Research Paper

1. The issue based research paper is more meaningful than a "term paper." It is likely to cross disciplines and will require interviews, as well as written material.

2. The first step involves researching. Research may take a variety of forms, both primary and secondary, traditional and non-traditional. Primary sources of information may include interviews and surveys, an expert's actual notes, an autobiography, letter, or online databases.

You may use more than one primary source, but one must be an interview. You must audiotape this interview. The standard size cassette tape must be submitted with your research paper.

Secondary sources are textbooks, reference books, periodical articles, literary criticism, and/or written material discussing any primary information.

3. Each research paper must cite a minimum of five different sources. The specific number of sources will be determined by the English course in which you are enrolled. Students should seek a variety and balance in their selections. Sources should include at least one primary source because primary sources add immediacy and relevance to the research.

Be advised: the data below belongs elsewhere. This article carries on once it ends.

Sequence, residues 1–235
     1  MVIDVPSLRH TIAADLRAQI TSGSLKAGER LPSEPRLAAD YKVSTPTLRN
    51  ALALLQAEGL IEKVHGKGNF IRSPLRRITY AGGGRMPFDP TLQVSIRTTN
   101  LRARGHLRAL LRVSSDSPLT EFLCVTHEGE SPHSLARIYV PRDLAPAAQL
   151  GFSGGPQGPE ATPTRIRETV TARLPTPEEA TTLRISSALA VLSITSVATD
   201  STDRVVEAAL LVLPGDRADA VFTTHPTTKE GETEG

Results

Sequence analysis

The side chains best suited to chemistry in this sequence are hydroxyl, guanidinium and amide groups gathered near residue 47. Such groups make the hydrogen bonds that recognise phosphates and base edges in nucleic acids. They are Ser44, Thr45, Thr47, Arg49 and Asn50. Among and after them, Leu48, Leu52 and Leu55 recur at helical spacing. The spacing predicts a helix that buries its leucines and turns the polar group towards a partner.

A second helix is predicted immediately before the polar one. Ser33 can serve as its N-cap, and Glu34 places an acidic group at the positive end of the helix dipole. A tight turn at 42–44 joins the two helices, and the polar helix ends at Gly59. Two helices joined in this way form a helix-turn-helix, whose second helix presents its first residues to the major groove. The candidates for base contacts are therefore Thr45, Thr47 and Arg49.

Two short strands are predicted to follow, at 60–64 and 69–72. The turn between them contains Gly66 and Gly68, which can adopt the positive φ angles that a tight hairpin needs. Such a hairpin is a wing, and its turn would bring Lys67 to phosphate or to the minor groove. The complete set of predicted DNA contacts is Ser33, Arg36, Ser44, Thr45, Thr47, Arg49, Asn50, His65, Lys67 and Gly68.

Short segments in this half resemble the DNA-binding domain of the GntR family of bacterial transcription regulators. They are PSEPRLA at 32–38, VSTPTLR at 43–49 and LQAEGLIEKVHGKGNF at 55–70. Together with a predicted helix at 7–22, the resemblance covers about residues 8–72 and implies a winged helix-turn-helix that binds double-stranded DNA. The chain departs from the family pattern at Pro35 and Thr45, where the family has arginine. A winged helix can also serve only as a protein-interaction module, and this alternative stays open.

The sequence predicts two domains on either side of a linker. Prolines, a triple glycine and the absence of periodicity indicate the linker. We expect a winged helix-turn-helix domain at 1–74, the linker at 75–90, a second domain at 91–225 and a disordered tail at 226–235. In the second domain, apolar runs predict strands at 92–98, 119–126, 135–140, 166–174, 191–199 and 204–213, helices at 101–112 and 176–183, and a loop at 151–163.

4. Students must carefully document all research information cited in their papers. This should include parenthetical documentation within the paper and a list of works cited at the end of the paper. Likewise, the student should be thoroughly informed of research ethics and the serious consequences of plagiarism. Texts which detail the most recent forms of standard documentation include the MLA Handbook for Writers of Research Papers and James Lester's Handbook to Writing Research Papers.
 

More information about research paper requirements:
 
 
 
 
 


MLA links:
 
 

General Research Links:
 

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